Northland Regional Council has adopted the Regional Policy Statement that has been four years in the making, entailed hundreds of meetings and attracted thousands of public submissions.

As recommended by the panel of independent commissioners after a long process of submitters' hearings and review, Northland's over-arching resource management document now contains a precautionary statement regarding the use of genetically engineered material in the environment. It does not address liability for GE accidents.

It calls for improved water quality but does not include mining-specific provisions, saying other frameworks - such as water quality - were adequate for assessing mining proposals.

On Tuesday, the council members present to adopt the document that chairman Craig Brown called "a milestone" acknowledged while they had reservations over some of its parts, in essence the sum of its whole was probably as good as it gets - that is, without going back to an expensive and time-consuming drawing board.


Graeme Ramsey described the GE component as "a badly balanced compromise".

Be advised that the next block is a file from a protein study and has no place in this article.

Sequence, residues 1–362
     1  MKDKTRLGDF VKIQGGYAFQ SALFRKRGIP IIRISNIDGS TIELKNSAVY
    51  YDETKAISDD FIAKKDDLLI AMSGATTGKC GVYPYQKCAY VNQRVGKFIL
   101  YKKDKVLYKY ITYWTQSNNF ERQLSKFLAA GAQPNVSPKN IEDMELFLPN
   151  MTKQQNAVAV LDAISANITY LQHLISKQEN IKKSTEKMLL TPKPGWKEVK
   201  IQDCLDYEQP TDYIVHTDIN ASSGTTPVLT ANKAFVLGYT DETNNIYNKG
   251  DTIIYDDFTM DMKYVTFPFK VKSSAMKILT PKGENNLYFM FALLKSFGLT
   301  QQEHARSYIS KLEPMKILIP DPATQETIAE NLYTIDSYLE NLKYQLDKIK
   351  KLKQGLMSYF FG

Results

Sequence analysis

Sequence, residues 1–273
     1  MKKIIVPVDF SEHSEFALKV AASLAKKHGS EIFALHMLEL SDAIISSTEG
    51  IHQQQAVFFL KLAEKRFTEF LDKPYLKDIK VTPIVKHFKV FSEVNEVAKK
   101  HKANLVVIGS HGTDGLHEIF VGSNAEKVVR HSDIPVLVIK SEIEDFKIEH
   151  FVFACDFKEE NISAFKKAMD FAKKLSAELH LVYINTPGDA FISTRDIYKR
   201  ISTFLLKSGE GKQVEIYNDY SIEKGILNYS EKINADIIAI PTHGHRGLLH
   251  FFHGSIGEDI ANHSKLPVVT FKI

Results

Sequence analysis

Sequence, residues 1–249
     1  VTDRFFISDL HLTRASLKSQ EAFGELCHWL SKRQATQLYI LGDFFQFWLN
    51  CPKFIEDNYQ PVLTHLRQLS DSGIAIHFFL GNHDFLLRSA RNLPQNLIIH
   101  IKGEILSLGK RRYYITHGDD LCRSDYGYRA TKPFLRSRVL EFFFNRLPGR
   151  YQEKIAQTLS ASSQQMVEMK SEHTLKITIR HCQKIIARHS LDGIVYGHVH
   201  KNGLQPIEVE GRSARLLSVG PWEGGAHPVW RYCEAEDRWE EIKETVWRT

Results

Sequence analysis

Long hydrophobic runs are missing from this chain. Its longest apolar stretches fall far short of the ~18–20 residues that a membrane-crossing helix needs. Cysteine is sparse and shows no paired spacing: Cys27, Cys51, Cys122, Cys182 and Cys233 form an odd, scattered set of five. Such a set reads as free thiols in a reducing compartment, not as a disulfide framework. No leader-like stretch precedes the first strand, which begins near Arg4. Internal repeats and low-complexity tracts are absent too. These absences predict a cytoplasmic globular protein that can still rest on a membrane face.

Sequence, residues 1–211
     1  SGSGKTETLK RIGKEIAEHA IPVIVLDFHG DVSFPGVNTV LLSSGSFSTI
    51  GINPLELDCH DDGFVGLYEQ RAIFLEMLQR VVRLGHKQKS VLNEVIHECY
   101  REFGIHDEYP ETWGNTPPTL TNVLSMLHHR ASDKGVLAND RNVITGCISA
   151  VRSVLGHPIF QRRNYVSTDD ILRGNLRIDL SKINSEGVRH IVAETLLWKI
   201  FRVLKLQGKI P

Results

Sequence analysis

"[But] it comes down to the question of is [the RPS] an improvement for Northland? The short answer is that it is."

One of the commissioners, Brent Cowie, congratulated the council members, staff, stakeholders and public for the result.

While the commissioners recommended some changes, "the structure remains pretty much as notified", he said.

Mr Brown, Bill Rossiter, Tony Davis-Colley, Bronwyn Hunt, Bill Rossiter and Graeme Ramsey unanimously adopted the RPS. Hokianga-Kaikohe ward member Joe Carr had moments before withdrawn from the meeting, saying the process was "undemocratic and represented community disenfranchisement". The end product should require more debate at council level, Mr Carr said.

Policy committee chairman Ian Walker was absent due to a family bereavement and John Bain was overseas.

Mr Brown paid tribute to everyone involved in developing the RPS, and said he was pleased it had been adopted during the current term, enabling the new council to "hit the ground running".

Meanwhile, the calibre of the Proposed RPS has been recognised with a national award, the details of which will be made public soon, Mr Brown said.


Submitters will now have the right to appeal any aspect of the 180-page policy statement in the Environment Court.